Thursday, April 30, 2009

28 Days Later... animation

I have a sneaking feeling that I may be the last person on the web to find this animation, but it's pretty cool. Sorry about the link, but the embed code just will not work for absolutely no reason I can see.

28 Days Later: Full Animated Graphic Novel

Coincidentally, I was just talking about 28 Days Later/28 Weeks Later for the documentary Zombiemania, which will air later this year on Starz.

Coincidence or portent? You be the judge.

Friday, April 24, 2009

Miss FlickChick joins Horror Hacker

Just letting everyone know that I'm now editing Horror Hacker, the horror area (duh) of AMC-TV's movie site. I'll also be reviewing thatrical horror releases (I've already done Haunting in Connecticut and Last House on the Left)and contributing at least one piece every Friday.

The Friday piece is a breezy little trifle inspired by something showing on AMC's Friday night/Saturday morning horror-movie block. This week's subject: Who Was that Masked Maniac? I've also done The Horror Limbo... , a look at the genre's lower depths, from Queen Kong to Zombie Strippers, and the many faces of Bad Brains....

I hope you'll stop by, and that you'll check out some of the site's regular features, including the weekly Horror Power Ranking (new every Monday), and blogs by Scott Sigler (new on Thursday) and Stacie Ponder (new on Wednesday). I'm not shilling when I say they're both great -- they know their stuff and have very different and distinctive takes on the genre.

Wednesday, April 22, 2009

Norman Bates all over again...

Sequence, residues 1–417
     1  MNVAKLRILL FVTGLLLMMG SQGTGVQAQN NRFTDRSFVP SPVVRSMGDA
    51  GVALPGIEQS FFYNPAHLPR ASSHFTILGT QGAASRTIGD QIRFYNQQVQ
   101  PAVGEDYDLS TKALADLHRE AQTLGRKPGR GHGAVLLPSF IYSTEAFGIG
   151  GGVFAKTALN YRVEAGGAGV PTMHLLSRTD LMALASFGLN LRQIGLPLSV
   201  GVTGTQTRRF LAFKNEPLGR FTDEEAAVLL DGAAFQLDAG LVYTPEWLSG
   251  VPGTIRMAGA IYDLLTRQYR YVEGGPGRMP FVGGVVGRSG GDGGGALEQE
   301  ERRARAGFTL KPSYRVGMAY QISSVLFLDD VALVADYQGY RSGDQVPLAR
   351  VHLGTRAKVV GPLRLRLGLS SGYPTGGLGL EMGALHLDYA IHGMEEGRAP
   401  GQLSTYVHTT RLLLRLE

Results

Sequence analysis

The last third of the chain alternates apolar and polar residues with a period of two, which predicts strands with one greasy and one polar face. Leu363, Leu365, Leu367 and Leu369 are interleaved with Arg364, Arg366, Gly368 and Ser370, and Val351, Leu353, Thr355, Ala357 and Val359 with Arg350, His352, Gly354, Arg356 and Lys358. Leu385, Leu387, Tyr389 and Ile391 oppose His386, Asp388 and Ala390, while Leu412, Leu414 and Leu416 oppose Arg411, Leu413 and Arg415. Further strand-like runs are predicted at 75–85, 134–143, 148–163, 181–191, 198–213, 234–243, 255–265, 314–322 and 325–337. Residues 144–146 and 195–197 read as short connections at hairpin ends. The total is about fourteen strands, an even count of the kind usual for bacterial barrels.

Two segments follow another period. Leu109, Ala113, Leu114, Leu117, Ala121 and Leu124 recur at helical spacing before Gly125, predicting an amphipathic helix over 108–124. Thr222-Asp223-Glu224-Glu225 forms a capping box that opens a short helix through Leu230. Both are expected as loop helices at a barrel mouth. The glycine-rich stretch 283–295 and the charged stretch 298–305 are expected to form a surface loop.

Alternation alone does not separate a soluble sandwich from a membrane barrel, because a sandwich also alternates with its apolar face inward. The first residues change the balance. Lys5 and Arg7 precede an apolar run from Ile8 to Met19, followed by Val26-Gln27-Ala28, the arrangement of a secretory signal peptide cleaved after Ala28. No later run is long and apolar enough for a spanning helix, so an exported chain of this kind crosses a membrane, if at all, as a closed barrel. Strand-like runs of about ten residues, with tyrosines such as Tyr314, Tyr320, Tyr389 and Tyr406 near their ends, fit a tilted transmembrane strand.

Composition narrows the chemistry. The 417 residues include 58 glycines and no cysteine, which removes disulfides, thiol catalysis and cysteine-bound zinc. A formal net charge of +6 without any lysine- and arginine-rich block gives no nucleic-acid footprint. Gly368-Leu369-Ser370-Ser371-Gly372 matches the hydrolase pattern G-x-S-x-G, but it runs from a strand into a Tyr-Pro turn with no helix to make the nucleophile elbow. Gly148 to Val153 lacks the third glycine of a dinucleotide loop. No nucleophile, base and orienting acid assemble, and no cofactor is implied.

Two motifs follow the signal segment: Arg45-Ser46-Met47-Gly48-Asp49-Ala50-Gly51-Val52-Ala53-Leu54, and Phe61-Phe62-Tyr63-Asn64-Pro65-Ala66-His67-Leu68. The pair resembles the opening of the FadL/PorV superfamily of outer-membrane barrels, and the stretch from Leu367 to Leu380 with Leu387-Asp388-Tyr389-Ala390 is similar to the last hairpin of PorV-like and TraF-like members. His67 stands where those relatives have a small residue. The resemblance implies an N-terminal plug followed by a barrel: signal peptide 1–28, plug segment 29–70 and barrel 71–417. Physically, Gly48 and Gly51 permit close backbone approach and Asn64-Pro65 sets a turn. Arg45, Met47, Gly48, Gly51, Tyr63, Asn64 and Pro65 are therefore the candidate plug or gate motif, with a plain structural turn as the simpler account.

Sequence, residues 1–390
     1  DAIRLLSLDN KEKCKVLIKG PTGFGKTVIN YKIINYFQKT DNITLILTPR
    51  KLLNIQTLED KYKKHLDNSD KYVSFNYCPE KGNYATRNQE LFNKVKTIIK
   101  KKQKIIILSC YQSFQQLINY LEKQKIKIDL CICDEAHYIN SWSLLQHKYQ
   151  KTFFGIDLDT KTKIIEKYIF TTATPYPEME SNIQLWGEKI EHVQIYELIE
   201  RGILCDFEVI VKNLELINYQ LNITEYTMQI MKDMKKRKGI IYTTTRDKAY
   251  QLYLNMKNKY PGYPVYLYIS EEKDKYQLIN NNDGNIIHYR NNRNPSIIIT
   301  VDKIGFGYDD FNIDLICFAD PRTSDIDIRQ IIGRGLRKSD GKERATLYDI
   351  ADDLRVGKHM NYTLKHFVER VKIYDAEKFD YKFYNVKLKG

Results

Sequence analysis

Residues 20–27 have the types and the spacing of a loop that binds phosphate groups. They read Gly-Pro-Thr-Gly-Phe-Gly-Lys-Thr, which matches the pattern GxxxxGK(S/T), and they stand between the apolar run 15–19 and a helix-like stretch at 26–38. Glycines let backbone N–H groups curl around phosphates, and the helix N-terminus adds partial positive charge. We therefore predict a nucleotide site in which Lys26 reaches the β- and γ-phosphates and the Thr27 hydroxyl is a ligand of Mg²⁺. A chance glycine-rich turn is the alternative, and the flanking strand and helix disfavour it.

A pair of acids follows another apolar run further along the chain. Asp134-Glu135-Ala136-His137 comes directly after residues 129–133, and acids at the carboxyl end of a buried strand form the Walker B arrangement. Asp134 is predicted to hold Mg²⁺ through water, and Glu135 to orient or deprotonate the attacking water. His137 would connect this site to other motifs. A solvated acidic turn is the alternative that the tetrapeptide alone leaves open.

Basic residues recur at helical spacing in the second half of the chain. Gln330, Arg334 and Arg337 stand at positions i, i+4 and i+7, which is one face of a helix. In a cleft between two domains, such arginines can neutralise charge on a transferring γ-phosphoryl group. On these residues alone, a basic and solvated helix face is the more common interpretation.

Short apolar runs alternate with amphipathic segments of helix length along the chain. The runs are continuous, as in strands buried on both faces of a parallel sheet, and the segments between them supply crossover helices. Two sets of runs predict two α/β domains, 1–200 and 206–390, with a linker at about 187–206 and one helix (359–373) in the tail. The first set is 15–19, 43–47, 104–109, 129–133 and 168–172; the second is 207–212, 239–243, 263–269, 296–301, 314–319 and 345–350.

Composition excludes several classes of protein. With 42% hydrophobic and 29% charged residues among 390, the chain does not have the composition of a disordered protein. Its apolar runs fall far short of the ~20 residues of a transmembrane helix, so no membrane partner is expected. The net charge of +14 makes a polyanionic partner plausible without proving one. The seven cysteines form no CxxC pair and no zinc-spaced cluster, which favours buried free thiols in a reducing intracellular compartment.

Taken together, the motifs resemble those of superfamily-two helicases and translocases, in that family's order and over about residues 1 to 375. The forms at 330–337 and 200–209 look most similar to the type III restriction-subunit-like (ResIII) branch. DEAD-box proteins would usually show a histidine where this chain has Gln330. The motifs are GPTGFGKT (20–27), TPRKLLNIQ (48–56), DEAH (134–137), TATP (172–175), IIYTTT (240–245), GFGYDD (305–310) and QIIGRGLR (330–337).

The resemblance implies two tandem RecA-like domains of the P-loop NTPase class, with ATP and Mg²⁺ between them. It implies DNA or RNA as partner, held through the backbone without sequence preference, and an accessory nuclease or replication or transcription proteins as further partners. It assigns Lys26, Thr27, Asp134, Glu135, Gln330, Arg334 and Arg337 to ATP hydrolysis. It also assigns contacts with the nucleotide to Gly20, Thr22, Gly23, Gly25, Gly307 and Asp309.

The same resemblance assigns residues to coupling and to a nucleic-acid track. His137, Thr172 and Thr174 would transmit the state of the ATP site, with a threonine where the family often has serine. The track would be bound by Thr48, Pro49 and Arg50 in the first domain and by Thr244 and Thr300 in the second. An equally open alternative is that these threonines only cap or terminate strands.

Can someone explain to me why every time someone is arrested in connection with some awful — like, say, the alledged "Cragslist killer" -- someone steps up to say he "wouldn't hurt a fly"?

Yes, be supportive. But avoid the phrase that inevitably conjures images of Norman Bates from Psycho...

On another topic entirely, I apologize for not posting for several days. I plead technical difficulties in the first degree.

Monday, April 13, 2009

Miss FlickChick at the Avon Theatre...

Want to purge all thoughts of taxes from your mind?

How about taking in a special screening of the original Taking of Pelham One Two Three that I'll be introducing at the Avon Theatre in Stamford, Connecticut, on Wednesday, April 15.

The screening is at 7PM, I'll be doing a Q&A after the film, and here's the icing on the cake: It's free. You read right: No admission charge; that's a bargain even by 1970s standards, when you could see a Times Square triple-bill for $2.50.

I've done several of these events in the past, and the Q&A is always fun. Lively discussion that rises above the level of "Dude, that rocked!" (or sucked, as the case may be) — what more could a movie buff ask?

So stop by if you can — the Avon's website has travel directions and other info.

Sunday, April 12, 2009

Is Billy Bob Thornton crazy?

I've been on all sides of the media shuffle: I've been interviewed, I've been an interviewer and I've been the publicist trying to keep the situation from ending in tears.

And all I can say is, "What the hell is wrong with Billy Bob Thornton?" This clip, broadcast on Canada's Q TV, reminds me of why I never, ever want to go back to working in public relations.

And why I'm happy I'm not one of the Boxmasters, the band with whom Thornton plays.

Nice shout out to the classic monster-movie magazine Famous Monsters of Filmland and the late, great Forrest J Ackerman, though.

Saturday, April 11, 2009

In Praise of Anna Faris...

Anna Faris was simultaneously great as a supremely self-absorbed starlet in Sofia Coppola's Lost in Translation and the only reason to endure those execrable Scary Movie movies. She was was the only funny thing about My Super Ex-Girlfriend (her delivery of the banal line "Why did G-Girl throw a shark at us?" is a thing of beauty), and her performance in Smiley Face will in time become the stuff of comedians'-comedian legend. In the meantime, it's one hell of a funny movie.